Bryan cites one from years ago, but in reality we reprise it in many different forms, about every three days or so:
Tyler: People like to think they’re special, but we’re all pretty much the same.
Me: No we’re not. Some people are really great; others are simply awful.
Tyler: That’s just the kind of thing people say to make themselves feel special.
Me: You don’t really believe that.
Tyler: Do too.
Me: What if we use the metric of your willingness-to-pay to spend an hour with a person?
There are a few awesome people you would pay thousands of dollars to
meet. But you’d pay hundreds of dollars to avoid an hour with most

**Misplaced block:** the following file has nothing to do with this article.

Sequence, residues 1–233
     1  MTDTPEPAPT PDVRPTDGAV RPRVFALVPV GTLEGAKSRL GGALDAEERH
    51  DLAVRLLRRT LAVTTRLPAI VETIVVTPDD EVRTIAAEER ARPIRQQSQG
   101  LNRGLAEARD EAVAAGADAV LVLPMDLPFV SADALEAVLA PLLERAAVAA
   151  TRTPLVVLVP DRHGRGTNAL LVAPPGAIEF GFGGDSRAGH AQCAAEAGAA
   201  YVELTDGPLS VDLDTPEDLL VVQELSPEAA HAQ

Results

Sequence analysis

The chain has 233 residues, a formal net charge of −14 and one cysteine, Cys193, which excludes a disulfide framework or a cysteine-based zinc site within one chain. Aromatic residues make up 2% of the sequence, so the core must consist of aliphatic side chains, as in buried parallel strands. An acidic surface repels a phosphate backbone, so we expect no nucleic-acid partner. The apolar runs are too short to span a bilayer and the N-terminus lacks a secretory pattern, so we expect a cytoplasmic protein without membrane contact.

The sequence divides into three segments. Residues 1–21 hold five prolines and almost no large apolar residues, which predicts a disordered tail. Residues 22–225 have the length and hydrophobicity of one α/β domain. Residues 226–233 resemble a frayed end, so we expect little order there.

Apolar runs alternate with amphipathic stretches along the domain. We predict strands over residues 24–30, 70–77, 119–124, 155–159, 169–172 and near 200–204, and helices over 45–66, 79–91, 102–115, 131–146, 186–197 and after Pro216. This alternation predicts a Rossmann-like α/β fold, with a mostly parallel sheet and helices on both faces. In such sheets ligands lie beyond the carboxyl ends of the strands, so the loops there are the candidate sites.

Tyler: [3-second hesitation.] Well, it’s not clear why that should be the relevant metric.
Me: But it’s your metric!
Tyler: What’s so special about my metric?
Me: What’s so special about it? By definition, that metric
captures everything that you think matters. And by that very metric,
people are not "pretty much the same." They’re incredibly different.
It’s funny how Bryan thinks he can cite my actions as evidence against the correct belief. That’s absurd; for instance I also don’t act as if determinism is true, but citing that doesn’t settle the matter. I sometimes describe Bryan’s most basic world view as the belief that what is good is very very good and what is bad is very bad indeed. I am more likely to see endowment effects at work.